"Where is Burma going, one year after the coup?", February 16

24 February 2022
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To better understand the situation in Burma one year after the military coup of February 1, 2021, the Inalco Institute and Foundation and Asialyst, the website for information and analysis on the whole of Asia, are hosting a conference on Wednesday February 16 at 6:30pm in the Inalco auditorium, 65 rue des Grands Moulins, 75013 Paris. The debate will also be broadcast live on YouTube Live. Registration is free but mandatory.
Protest in Myanmar against Military Coup 14-Feb-2021
Protest in Myanmar against Military Coup 14-Feb-2021 © MgHla (aka) Htin Linn Aye‎
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Registration required for face-to-face or remote participation in the conference.
Entry upon presentation of vaccination pass.

Demonstrations repressed in blood, opponents and activists locked up en masse, villages burned... One year after the military putsch that overthrew Aung San Suu Kyi's civilian government and ended a decade of democratic parenthesis, Burma is sinking into violence. National cohesion is more at risk than ever. Civil war is no longer a risk, it's a reality in at least one part of the country: the states where ethnic armed groups clash with government troops. Accused of behaving like a "colonial army" against Burma's 55 million people, is the Tatmadaw, the official name of the country's armed forces, consolidating its absolute hold on Burma or on the way to losing power?

TotalEnergies and its American partner Chevron announced on January 21 their decision to leave the country. They are giving up their shares in the Yadana gas project, its field and its 370 km pipeline to Thailand, a huge infusion of millions of dollars for the junta. Far from being good news for the generals in power, this double withdrawal risks amplifying the flight of investors and therefore of capital in a Burma isolated from the international community.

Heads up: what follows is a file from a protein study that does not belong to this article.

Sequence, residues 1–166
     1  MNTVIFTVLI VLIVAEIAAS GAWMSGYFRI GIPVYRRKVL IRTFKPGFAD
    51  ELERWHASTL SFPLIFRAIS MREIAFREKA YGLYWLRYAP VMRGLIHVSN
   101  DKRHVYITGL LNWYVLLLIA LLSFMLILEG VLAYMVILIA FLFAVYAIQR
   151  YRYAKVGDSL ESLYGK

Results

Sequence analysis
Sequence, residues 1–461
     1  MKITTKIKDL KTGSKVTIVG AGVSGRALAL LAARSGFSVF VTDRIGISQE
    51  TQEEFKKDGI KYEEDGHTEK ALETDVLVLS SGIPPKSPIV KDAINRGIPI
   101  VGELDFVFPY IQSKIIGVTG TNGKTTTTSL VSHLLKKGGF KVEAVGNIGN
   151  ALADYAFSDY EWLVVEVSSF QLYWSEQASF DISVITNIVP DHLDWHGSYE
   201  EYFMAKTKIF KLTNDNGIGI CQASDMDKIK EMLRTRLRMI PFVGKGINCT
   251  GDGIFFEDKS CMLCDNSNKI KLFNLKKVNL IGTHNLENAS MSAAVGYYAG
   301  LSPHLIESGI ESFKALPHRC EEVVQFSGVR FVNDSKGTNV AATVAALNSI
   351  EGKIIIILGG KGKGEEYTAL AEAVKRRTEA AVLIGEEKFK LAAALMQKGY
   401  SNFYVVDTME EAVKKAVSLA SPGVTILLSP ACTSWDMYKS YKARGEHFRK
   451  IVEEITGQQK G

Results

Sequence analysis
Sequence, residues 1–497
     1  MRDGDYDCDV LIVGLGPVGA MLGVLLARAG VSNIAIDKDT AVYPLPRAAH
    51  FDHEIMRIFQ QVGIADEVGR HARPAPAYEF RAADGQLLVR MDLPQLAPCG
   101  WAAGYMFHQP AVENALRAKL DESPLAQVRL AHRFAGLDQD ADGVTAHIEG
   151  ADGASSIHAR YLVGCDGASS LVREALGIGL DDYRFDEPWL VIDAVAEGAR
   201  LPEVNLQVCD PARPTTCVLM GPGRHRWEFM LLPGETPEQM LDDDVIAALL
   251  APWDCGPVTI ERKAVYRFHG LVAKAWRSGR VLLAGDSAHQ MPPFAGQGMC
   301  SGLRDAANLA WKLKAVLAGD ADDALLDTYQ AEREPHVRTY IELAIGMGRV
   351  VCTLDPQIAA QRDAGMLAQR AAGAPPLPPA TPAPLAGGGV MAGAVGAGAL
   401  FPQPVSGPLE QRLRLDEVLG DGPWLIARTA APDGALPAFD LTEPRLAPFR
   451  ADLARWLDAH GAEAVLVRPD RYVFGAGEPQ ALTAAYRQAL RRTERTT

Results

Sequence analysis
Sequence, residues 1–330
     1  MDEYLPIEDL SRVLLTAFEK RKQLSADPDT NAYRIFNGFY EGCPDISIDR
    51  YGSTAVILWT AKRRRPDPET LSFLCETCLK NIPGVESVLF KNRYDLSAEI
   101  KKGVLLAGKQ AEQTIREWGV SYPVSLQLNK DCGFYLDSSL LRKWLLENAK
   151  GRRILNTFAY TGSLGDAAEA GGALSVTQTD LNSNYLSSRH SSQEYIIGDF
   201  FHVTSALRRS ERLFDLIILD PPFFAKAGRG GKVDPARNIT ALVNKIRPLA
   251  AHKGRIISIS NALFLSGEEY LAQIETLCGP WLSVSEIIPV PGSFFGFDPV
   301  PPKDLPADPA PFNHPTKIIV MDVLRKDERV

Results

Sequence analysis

Even the highly consensual Asean, the Association of Southeast Asian Nations, which never pays much attention to the internal affairs of its member states, has not recognized the new military regime presided over by General Min Aung Hlaing. A year after the coup d'état, the latter can only count on the support of military or dictatorial regimes in the region, notably Thailand and Cambodia.

This conference will provide a better understanding of the dynamics and complexity of the Burmese crisis over the past year.


  • Bruno Philip, journalist with Le Monde newspaper, former Bangkok correspondent - Grand témoin
  • Alexandra de Mersan, research professor at Inalco, specialist in Burma, migration and religions
  • Francis Christophe, freelance journalist and Burma specialist, author of the book Burma, the Poppy Dictatorship (Picquier, 1998)


  • Joris Zylberman, editor-in-chief of Asialyst and former China correspondent for RFI and France 24.

Co-organizers: Institut et Fondation Inalco, Asialyst.com
Contact: contact@asialyst.com